Absolute Temperature: Symbol: T , A temperature defined by the relationship:
T = θ + 273.15
where θ is the Celsius temperature. The absolute scale of temperature was a fundamental scale based on Charles’ law applied to an ideal gas:
V = V₀(1 + αθ)
where V is the volume at temperature θ, V₀ the volume at 0, and α the thermal expansivity of the gas. At low pressures (when real gases show ideal behavior) α has the value 1/273.15.
Therefore, at θ = –273.15 the volume of the gas theoretically becomes zero. In practice, of course, substances become solids at these temperatures.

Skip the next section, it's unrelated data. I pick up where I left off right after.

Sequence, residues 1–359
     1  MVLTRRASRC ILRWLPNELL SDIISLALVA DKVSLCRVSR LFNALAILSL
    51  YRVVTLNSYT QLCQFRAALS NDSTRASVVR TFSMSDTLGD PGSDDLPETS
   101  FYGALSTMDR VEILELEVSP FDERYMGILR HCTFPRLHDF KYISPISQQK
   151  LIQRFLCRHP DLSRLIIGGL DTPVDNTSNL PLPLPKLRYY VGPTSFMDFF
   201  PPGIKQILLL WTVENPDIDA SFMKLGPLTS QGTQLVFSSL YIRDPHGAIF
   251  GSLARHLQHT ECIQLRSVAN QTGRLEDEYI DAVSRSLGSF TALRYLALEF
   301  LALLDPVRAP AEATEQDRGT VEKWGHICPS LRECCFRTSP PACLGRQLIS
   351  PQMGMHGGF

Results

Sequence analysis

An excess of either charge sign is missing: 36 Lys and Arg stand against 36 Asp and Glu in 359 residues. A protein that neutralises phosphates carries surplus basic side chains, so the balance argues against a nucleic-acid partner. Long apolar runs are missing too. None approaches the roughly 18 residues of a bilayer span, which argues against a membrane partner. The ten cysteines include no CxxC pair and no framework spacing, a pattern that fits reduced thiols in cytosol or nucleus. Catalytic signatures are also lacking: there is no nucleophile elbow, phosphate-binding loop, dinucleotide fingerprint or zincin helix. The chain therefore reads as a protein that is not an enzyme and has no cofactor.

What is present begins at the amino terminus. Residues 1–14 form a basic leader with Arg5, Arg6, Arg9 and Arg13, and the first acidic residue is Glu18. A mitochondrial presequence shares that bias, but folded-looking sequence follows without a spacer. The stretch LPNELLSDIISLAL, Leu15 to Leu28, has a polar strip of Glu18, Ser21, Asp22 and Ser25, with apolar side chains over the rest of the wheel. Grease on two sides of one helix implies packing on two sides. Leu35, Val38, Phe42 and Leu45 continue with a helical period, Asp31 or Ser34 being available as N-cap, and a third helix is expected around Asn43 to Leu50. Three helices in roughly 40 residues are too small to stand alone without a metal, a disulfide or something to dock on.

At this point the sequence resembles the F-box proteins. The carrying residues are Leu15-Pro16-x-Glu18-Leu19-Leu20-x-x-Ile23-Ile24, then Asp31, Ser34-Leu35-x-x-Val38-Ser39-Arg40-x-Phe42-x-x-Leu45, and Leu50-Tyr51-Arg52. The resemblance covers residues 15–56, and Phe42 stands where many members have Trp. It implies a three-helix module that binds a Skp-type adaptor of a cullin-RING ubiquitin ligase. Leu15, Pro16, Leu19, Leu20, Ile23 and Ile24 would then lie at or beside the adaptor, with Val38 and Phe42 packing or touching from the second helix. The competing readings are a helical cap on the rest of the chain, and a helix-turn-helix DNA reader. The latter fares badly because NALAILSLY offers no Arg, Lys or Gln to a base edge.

However, the extrapolation can be used for a scale of temperature on which –273.15°C corresponds to 0° (absolute zero). The scale is also known as the ideal gas scale; on it temperature intervals were called degrees absolute (°A) or degrees Kelvin (°K), and were equal to the Celsius degree. It can be shown that the absolute temperature scale is identical to the thermodynamic temperature scale (on which the unit is the kelvin).